Monday, December 29, 2008

I'm Just a Reader Whose Intentions Are Good

The Namesake
by Jhumpa Lahiri

Don't You Forget about Me
by Jancee Dunn

The End of Manners
by Francesca Marciano

Revolutionary Road
by Richard Yates

What Was Lost
by Catherine O'Flynn

The Mayor of Casterbridge
by Thomas Hardy

No, this is not a list of the best books I read in 2008.

It's much worse.

These are just a few of the books I meant to read in 2008 but didn't. A list of good intentions.

The sad thing is, it's not a list of books that I feel I should read, but books that I really want to read, but haven't. So what happened?!

Well, life happens. Sometimes other obligations come first. And also, as much as I love to read, I love other things as well, and a life in which all leisure time is spent reading wouldn't be a balanced life--not for me anyway.

That said, I wish I'd carved out more time to read in 2008. Not because I feel I should, but because of the pleasure it gives me. Reading is good for the soul--or it can be, if you choose books that feed it.

There will probably never be enough time to read all the books on my "to read" list, which isn't necessarily a bad thing. Although Willa Cather is perhaps my favorite author, there are still a few Cather books I haven't read. I like knowing that they are waiting for me--the undiscovered Cather!--when I want them.

One of the books on my "to read" list has been there for years: The Mayor of Casterbridge by Thomas Hardy. Hardy wrote one of my favorite books, Jude the Obscure, about a working class man who aspires to a life of the mind but finds his desire thwarted by England's class system, among other things. I want to read the Mayor of Casterbridge. I saw a television production of The Mayor of Casterbridge that whetted my appetite for the book. A copy of The Mayor of Casterbridge is calling out to me from my overstuffed bookcase. But I still haven't read it. Perhaps for one of the reasons mentioned above. Perhaps because I had a library book due that I felt I should read first. Perhaps because I wasn't in the mood for The Mayor at the precise moment I was selecting my next book to read. (The story, like much of Hardy's work, is bleak. It's about the ruin that occurs when a man, drunk and angry, auctions off his wife and daughter at a fair.) Whatever the reason, my man Hardy got pushed aside.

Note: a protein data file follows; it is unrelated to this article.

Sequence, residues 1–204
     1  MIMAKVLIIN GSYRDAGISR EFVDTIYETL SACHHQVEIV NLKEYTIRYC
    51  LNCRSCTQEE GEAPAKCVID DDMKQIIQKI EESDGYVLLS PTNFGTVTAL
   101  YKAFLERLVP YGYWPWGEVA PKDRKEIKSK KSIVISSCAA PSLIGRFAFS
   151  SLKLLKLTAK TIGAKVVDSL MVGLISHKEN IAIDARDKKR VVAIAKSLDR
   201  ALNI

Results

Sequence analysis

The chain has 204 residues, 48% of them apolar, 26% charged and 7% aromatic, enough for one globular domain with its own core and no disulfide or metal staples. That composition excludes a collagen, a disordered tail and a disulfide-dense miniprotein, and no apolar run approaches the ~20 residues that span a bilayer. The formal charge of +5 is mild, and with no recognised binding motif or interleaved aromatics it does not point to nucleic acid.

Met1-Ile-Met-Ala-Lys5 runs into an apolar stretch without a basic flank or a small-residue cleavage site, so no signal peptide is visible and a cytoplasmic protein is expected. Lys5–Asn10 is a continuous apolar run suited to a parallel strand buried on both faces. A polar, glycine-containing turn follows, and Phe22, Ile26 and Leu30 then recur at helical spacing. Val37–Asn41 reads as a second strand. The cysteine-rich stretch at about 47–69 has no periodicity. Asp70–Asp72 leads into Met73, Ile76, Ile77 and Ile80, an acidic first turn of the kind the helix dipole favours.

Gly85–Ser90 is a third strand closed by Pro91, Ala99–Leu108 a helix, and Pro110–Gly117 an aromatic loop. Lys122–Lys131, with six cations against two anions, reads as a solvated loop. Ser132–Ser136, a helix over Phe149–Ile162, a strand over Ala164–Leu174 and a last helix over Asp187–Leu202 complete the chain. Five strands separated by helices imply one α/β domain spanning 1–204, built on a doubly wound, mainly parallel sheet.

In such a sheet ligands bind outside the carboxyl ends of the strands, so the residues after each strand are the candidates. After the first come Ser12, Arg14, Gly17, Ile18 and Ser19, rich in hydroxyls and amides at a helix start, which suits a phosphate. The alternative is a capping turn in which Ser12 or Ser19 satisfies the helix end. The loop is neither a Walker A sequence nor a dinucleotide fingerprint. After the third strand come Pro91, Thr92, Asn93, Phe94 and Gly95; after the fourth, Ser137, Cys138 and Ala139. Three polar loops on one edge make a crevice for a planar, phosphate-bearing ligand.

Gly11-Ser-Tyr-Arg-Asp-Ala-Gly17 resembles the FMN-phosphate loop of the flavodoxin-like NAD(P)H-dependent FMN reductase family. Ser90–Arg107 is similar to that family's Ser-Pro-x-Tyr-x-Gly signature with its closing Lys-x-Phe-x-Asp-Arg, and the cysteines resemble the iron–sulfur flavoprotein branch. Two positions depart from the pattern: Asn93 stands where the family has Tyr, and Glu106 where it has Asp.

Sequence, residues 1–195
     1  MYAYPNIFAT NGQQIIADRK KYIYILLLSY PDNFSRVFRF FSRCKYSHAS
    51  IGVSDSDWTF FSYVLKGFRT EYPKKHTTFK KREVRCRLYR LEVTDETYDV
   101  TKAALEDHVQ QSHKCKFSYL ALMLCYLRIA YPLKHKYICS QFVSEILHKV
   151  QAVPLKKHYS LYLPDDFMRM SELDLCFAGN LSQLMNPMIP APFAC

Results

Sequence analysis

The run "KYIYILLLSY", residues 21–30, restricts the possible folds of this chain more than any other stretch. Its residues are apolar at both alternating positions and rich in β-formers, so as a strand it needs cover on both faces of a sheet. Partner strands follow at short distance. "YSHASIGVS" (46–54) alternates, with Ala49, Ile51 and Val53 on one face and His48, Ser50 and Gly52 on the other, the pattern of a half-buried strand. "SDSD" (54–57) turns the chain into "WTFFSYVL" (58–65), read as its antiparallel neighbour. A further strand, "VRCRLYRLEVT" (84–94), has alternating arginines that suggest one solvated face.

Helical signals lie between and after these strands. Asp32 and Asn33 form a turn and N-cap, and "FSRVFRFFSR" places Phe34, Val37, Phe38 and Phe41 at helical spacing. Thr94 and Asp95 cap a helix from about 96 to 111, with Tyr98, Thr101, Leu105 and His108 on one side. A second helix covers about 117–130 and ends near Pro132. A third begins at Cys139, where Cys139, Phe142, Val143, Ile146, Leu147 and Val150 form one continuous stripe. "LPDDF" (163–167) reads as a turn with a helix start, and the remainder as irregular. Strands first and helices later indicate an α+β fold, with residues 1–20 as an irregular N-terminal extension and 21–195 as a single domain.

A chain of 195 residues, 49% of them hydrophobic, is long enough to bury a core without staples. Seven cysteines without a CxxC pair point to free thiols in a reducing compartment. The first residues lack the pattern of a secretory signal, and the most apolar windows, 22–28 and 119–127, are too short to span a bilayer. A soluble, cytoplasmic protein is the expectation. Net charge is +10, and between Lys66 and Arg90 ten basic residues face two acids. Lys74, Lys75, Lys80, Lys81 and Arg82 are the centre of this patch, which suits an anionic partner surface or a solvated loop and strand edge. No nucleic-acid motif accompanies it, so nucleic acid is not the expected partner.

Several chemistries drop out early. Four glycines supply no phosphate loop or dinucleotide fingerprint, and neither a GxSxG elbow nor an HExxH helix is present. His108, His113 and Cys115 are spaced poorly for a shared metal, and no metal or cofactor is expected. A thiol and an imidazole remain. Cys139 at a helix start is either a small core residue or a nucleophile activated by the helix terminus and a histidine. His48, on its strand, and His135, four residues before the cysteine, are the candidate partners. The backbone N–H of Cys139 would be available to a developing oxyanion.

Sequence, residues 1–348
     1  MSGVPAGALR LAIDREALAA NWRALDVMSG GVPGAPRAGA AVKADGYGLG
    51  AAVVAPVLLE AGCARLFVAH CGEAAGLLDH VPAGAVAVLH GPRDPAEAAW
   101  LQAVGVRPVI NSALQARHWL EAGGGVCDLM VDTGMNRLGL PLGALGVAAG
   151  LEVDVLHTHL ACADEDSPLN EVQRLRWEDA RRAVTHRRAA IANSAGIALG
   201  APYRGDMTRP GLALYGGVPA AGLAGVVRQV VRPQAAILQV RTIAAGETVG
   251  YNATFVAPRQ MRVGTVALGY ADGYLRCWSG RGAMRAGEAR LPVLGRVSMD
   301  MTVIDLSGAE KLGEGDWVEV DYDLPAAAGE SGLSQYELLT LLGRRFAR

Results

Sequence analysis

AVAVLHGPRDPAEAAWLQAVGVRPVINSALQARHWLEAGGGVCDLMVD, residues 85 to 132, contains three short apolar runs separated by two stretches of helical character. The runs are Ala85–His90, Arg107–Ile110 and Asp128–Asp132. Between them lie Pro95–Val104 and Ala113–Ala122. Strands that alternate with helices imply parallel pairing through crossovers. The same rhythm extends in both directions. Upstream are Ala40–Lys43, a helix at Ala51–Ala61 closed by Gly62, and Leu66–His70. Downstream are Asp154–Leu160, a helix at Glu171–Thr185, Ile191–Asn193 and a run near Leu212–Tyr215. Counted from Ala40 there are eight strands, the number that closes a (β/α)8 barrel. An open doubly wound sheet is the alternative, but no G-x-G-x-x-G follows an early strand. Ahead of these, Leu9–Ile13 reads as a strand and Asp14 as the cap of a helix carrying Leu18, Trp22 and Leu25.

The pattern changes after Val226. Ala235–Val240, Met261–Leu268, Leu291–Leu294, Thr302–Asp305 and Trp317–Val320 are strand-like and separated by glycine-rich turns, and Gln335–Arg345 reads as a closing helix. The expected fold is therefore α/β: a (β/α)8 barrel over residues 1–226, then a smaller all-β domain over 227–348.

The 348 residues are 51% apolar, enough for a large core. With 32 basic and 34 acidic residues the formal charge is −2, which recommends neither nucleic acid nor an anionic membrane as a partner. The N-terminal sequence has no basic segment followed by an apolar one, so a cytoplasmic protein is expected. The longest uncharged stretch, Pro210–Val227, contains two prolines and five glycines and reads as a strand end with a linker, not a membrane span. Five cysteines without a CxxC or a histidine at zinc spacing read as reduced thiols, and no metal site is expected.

But no more! 2009 is the year The Mayor gets read!

It's never too late for books on your "to read" list. Is there a book you've meant to read for ages? Is it a book you feel you should read or that you really want to read but just haven't gotten around to? Let us know!


Jo B. said...

Laura, your confession has inspired me. This is the year I read Brothers Karamazov!

Anonymous said...

How about . . . books I took home but never opened? The Lazarus Project by Aleksandar Hemon. Absurdistan by Gary Sthteyngart. Maps and Legends by Michael Chabon. All recommended by people who know me and what I like to read, all I'm sure would have been a pleasure had I been willing to work just a little.

But cheer up! We read lots! That's a Good Thing!

Cathy F. said...

I've really been meaning to read The Book Thief. I feel like everyone has read it and everyone has been moved by it.

Linda K. said...

Let me tell you a secret about how to read all of the books on your "to read" list. It's simple really. Only put the books you really, really want to read on that list. I know Dickens, Hardy, Melville, and Hemingway are classic authors that are on reading lists everywhere, but life's too short to read books I don't enjoy. I too tried to read Michael Chabon's Maps and Legends - great cover art by the way - and ended up being annoyed by the pretentious vocabulary and got tired of the author bragging about his lofty reading tastes. (Lots of good bits in it so it worked as a skimmer, but read the whole thing from cover to cover? No thanks.) I love reading and there's so much out there to choose from that I'm never going to run out of good stuff. So who needs a list?

Jeanne said...

I will read Life of Pi this year. I promise!

Laura A. said...

I began reading The Mayor of Casterbridge on January 1st, one of the books that has long been on my "to read" list, and I am thoroughly enjoying it!

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